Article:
STYRENE IN THE NEWS
The Styrene Information & Research Center (SIRC) links to stories in the news about styrene and products made from polymers derived from styrene. All links on this page are to external sites. SIRC provides highlight quotes from the articles for your convenience.
Making styrene from biomaterials would bring big benefits [Arizona State University News]
At Arizona State University, student researchers David Nielsen and Rebekah McKenna are experimenting with engineering microorganisms to act as catalysts for making styrene from renewable resources—in this case biological materials, like sugars from plants...
House construction made easier and cheaper [NTV]
The National Housing Corporation of Kenya has started the construction of houses built with Italian technology that is said to use cheaper building materials.The technology known as EPS, or Expanded Polystyrene Panels, is said to reduce the time taken to put up housing by up to 50 percent and reduces the technology cost by about 20 per cent...
The Lucrative Styrofoam Cup Cartoons Of Cheeming Boey [Comics Alliance]
Based in Newport Beach, California, Cheeming Boey is a cartoonist whose medium of choice is the Styrofoam cup. While seemingly innocuous, original Boey's routinely sell for hundreds of dollars, sometimes even over $1000. Trained in computer animation...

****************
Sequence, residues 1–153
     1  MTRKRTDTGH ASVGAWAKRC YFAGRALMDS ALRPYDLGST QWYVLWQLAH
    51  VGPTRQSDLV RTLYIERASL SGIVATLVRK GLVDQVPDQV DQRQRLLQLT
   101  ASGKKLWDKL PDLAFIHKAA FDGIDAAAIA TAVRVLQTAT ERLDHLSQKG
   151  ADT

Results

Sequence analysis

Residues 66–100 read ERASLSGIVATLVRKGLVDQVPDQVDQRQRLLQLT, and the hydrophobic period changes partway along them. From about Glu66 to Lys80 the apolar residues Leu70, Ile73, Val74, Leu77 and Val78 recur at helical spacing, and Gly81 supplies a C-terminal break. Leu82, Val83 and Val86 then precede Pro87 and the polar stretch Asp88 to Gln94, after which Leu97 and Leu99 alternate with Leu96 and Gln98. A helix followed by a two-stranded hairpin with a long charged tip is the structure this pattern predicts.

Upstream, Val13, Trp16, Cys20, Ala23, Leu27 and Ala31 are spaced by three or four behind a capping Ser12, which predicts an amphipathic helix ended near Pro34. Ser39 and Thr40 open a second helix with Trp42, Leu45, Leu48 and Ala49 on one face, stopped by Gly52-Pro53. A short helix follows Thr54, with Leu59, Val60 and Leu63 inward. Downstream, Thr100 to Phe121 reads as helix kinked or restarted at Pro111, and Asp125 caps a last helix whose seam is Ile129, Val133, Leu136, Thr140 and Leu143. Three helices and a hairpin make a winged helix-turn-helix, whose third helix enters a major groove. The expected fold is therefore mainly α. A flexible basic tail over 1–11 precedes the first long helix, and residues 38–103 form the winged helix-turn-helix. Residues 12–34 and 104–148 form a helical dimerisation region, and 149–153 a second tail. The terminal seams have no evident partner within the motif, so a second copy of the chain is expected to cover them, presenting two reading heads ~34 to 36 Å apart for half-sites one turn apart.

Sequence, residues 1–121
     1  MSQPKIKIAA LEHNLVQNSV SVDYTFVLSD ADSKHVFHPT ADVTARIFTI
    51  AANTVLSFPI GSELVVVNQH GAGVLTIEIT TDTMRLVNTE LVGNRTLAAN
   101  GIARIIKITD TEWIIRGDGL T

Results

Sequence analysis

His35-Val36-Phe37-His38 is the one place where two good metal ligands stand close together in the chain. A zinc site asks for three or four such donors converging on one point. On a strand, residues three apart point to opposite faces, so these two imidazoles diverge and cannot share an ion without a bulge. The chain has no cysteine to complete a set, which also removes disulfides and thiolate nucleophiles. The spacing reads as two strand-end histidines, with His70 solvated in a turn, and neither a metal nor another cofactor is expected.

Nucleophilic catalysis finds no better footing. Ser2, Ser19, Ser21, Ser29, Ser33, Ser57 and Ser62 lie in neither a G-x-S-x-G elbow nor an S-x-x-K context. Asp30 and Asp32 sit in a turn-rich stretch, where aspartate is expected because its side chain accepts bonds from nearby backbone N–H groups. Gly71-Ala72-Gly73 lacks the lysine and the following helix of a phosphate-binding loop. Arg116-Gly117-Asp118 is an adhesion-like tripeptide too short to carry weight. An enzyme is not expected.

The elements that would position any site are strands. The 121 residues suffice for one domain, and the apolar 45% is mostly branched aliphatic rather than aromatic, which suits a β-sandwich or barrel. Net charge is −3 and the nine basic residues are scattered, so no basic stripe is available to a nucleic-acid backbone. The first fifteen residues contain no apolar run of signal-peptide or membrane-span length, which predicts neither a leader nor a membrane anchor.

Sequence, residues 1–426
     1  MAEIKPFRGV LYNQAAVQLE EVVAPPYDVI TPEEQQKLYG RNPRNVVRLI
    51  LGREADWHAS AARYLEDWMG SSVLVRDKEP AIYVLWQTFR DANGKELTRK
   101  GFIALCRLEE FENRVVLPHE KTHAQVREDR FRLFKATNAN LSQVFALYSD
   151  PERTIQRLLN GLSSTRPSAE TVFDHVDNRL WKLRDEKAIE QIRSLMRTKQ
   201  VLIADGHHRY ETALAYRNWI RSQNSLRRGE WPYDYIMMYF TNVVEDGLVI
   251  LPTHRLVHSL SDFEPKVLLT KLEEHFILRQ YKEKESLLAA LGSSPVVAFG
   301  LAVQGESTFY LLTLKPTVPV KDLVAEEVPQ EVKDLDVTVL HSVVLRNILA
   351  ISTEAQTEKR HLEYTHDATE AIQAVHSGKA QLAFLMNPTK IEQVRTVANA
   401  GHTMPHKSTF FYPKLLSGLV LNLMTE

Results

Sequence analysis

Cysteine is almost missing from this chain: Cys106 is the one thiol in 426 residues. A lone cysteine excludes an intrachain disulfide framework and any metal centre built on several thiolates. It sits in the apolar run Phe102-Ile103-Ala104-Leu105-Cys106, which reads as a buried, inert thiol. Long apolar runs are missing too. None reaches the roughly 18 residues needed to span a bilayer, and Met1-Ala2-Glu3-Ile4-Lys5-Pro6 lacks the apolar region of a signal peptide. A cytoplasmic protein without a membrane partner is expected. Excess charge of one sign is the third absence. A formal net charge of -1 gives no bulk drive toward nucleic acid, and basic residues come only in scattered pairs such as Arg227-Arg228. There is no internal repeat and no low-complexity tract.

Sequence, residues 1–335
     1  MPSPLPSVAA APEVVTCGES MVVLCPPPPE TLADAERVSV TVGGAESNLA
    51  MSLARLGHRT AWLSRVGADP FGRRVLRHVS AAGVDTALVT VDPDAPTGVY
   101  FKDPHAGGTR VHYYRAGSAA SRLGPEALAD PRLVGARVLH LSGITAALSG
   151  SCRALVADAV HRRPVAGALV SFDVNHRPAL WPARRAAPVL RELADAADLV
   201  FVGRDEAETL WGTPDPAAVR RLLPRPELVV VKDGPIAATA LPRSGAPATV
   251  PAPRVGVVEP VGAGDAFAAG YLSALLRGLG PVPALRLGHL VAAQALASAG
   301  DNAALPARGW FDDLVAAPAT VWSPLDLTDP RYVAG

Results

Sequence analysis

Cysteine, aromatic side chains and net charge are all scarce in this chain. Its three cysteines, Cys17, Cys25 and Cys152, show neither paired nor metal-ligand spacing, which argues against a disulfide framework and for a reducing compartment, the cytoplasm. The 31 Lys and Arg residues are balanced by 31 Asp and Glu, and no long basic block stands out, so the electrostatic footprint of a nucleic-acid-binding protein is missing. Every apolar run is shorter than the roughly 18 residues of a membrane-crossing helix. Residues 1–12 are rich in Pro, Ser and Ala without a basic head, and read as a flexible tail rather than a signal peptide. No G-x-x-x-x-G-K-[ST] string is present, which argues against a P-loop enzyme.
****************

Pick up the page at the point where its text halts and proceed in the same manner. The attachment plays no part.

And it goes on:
HHS Is Way Off-Base On Styrene [Health News Digest]
On June 10th, to the surprise of virtually no one—but to the dismay of many—the U.S. Department of Health and Human Services included the widely-used chemical styrene in its 12th Report on Carcinogens (RoC) as a substance that is "reasonably anticipated to be a human carcinogen."... However, as you will soon discover, the Congressional mandate is a little spotty these days, and any claims regarding "science-based" are downright ludicrous....
Recycled polystyrene underpins new housing [Scoop News]
Wellington (New Zealand) City Council’s new housing development 'Regent Park' in Owen Street Newtown, mirrors WCC's 2040 future vision in providing a safe, green environment for the council tenants and their families. Right from the start of the project an innovative foundation choice that uses polystyrene waste to achieve a superior foundation design, ensures that these homes will cope with seismic events such as those that have left some Christchurch homes built on traditional concrete slab foundations, red stickered and uninhabitable...
Health risks: Scared to death [Ethical Corporation]
Why everything you thought about the health risks from chemicals is wrong. You’re luxuriating in newly constructed digs, napping on your Barcalounger, sipping coffee from a plastic cup, gossiping on your iPhone. Here’s today’s quiz: What’s your biggest health danger? Based on recent news reports, you’d think you’re in cancer alley: formaldehyde leaks from the plasterboard walls, ceiling tiles are made with out-gassing phthalates, radiation spews from your BPA-made phone and the toxic du jour, styrene, leeches into your latte. Yet as any cancer expert would tell you, that’s the wrong answer...
Homes for Haiti: Foam and steel-panel house [Montreal Gazette]